17 March, 2022
How to get funding for your project
First, identify an appropriate source for funding for the project you wish to carry out. There are four
main sources to consider for local projects:
- Local authorities.
Local authorities have small pots of funding directed by local councillors. They generally pay out a
few hundred pounds to projects which meet one of a set of priorities which are specific to each
ward, so check first what the priorities for your ward are to ensure you fit.
- Non-governmental bodies
The first non-governmental body to consider is the National Lottery. The Awards for All scheme will
fund local projects from £300 to £10,000 via an online application form here:
The National Lottery are particularly keen on funding organisations who haven’t applied before.
South Yorkshire Police and Crime Commissioner makes grants to local projects using the proceeds of
crime. In certain areas and for some projects, you may be eligible to apply for up to £7500.
If you have a windfarm within 2-3 miles of your project, check out the relevant operating company’s
website. Many have a community fund as a condition of their being able to operate there and
usually have an environmental priority.
- Company grant schemes
Many companies run small grant schemes as part of their commitment to Corporate Social
Responsibility. Check out your local supermarket as these often have customer-voted schemes.
Sainsbury’s also ran a similar scheme but it doesn’t appear to be on their website any more. Perhaps
a visit to the store is necessary.
The Co-op runs a different type of scheme which opens to applications in spring and makes grants as
directed by their customers twice a year. There’s an online application form to complete when the
fund is open
You can also find shops which will donate surplus goods to community projects. It’s worth asking
B&Q, for example, to help out with materials for environmental projects.
- Charitable Trusts and Foundations.
There are literally thousands of charitable trusts in the UK. These are often set up by philanthropists
or bequests as an efficient way of channeling money to good causes. Some of them are centuries
old and still operating. (Sheffield Town Trust was established in 1297, for example.)
All charitable trusts are different – they all have their own criteria and priorities, they may grant
millions of pounds every year or just a few hundred, they may operate worldwide or specify a
defined region, county or even just a village. Some have fancy online application forms, others are more ‘freestyle’ and just require you to make a compelling appeal. Finding the right Trust to apply to is the interesting bit.
Visit South Yorkshire Funding Advice Bureau – SYFAB. https://www.syfab.org.uk/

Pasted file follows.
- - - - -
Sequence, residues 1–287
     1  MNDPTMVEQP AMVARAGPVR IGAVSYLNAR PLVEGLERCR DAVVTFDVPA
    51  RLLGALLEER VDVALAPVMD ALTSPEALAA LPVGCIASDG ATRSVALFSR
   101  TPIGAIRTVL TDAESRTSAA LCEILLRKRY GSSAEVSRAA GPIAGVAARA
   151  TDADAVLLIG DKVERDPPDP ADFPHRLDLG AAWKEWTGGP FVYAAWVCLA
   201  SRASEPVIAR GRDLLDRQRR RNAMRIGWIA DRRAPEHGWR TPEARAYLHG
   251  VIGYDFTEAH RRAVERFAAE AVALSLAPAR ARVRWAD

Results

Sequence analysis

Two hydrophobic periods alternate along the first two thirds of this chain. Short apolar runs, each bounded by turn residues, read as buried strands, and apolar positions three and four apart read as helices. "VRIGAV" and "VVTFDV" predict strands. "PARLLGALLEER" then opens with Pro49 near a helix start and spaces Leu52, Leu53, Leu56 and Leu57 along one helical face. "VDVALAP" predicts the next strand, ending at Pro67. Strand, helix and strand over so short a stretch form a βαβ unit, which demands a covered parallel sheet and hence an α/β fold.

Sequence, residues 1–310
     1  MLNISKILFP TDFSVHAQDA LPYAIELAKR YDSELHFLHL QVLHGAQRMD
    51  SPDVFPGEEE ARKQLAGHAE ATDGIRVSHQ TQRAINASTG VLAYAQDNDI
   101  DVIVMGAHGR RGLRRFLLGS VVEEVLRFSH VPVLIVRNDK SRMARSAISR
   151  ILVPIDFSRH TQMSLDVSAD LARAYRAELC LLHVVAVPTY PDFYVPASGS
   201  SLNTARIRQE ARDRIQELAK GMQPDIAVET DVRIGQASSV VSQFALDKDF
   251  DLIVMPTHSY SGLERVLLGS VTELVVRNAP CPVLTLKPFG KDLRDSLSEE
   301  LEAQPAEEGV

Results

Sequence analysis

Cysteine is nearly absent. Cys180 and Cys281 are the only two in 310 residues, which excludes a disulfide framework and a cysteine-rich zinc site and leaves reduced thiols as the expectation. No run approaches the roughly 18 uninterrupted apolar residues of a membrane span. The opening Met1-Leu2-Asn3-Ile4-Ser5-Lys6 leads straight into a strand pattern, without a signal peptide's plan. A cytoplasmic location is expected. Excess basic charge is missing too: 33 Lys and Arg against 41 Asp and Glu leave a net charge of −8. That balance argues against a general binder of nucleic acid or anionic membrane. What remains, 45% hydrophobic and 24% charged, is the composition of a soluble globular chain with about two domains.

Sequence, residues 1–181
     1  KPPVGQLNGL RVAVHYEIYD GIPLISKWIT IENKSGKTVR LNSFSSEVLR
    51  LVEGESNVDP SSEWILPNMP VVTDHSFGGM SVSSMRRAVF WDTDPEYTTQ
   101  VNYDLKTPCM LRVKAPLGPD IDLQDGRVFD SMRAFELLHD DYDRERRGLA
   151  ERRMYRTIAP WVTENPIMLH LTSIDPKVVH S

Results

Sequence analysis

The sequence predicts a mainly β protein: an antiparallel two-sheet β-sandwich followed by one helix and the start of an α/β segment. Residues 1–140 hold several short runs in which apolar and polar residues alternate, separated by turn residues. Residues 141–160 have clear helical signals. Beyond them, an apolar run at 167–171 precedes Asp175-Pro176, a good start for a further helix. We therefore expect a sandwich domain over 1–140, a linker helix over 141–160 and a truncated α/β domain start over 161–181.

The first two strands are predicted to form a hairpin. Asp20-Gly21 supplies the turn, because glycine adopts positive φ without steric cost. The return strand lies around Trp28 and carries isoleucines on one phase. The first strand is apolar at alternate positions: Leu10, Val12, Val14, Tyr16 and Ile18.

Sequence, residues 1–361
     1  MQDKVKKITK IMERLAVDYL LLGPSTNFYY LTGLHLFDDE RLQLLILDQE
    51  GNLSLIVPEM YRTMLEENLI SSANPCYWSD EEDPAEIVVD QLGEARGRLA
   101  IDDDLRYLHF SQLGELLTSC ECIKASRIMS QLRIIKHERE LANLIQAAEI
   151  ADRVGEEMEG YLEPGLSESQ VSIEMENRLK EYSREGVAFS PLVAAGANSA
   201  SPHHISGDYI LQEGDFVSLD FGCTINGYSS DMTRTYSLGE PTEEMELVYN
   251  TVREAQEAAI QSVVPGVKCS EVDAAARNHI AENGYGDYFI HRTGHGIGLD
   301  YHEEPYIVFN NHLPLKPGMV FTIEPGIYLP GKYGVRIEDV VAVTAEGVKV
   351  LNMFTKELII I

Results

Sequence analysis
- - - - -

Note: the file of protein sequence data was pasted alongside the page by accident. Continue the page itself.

Register on this page and use the funding search facility – it’s free! You can also sign up for a
newsletter which will inform you of new funders or important changes.
There are other funding websites, but many of these charge for their service and won’t be good
value if you’re looking for one-off grants.
If you’re in Rotherham, sign up for Voluntary Action Rotherham’s newsletter in
https://www.varotherham.org.uk/ It includes a section of funding news which can be useful.
A few general tips
Read the funder’s guidelines (if they exist) carefully.
Make sure you are eligible for the funding pot. Some funders will insist you are a registered charity,
others are happy to fund all community groups. Some have an upper income limit for applicants.
Some funders won’t fund organisations who have paid workers, others won’t fund if you haven’t.
Ensure that your project meets the funder’s stated priorities. A lot of funds, especially local ones, will
fund any type of project – what the Charity Commission calls General Charitable Purposes – but
others have specific priorities or have a preference for certain types.
Be sure to include any further information that the funder requests –e.g. accounts, budgets, quotes.
But don’t send them if they don’t ask. You can easily put them off by sending a load of bumph they
didn’t ask for.
Go for the wow factor! You are passionate about what you do – you wouldn’t do it otherwise. Put that
passion on the page so the reader feels it too. Remember it’s a person reading it, not a machine. Add
pictures, if you can, or quotes from people using your project.
Keep in mind, the person reading your bid is a nice person who wants to give you the money, but
they might have a pile of similar pleas in front of them. They probably can’t fund them all and they
have to make choices. Make sure yours is the one that stands out and is the one they choose.
Keep it simple, and don’t make overambitious claims that a funder might hold you to.
Don’t use jargon. (A favourite I once saw in a bid – ‘Proxy-counterfactual longitudinal self-reported
polling’. No, I don’t know what it means either!)
If you have to use acronyms, spell it out in full the first time you use it, with the acronym in brackets.
Be bold and use direct language. (‘We will…’ – not ‘we hope to’ or ‘we would like to’.)
You can’t receive funding twice for the same things, but there is no rule against applying to more
than one funder for the same stuff, so don’t wait to hear the result before trying again elsewhere. If
you are lucky enough to be successful at more than one, you can always return the funds, or better
still, explain to one funder that you have been successful elsewhere and ask if you could use their
funds for something else instead. You may be lucky.
And lastly, don’t be put off by rejection. Most funders are oversubscribed and receive applications
for more money than they have to award – you can’t win them all.
If you’d like to download this information as a PDF document, click here.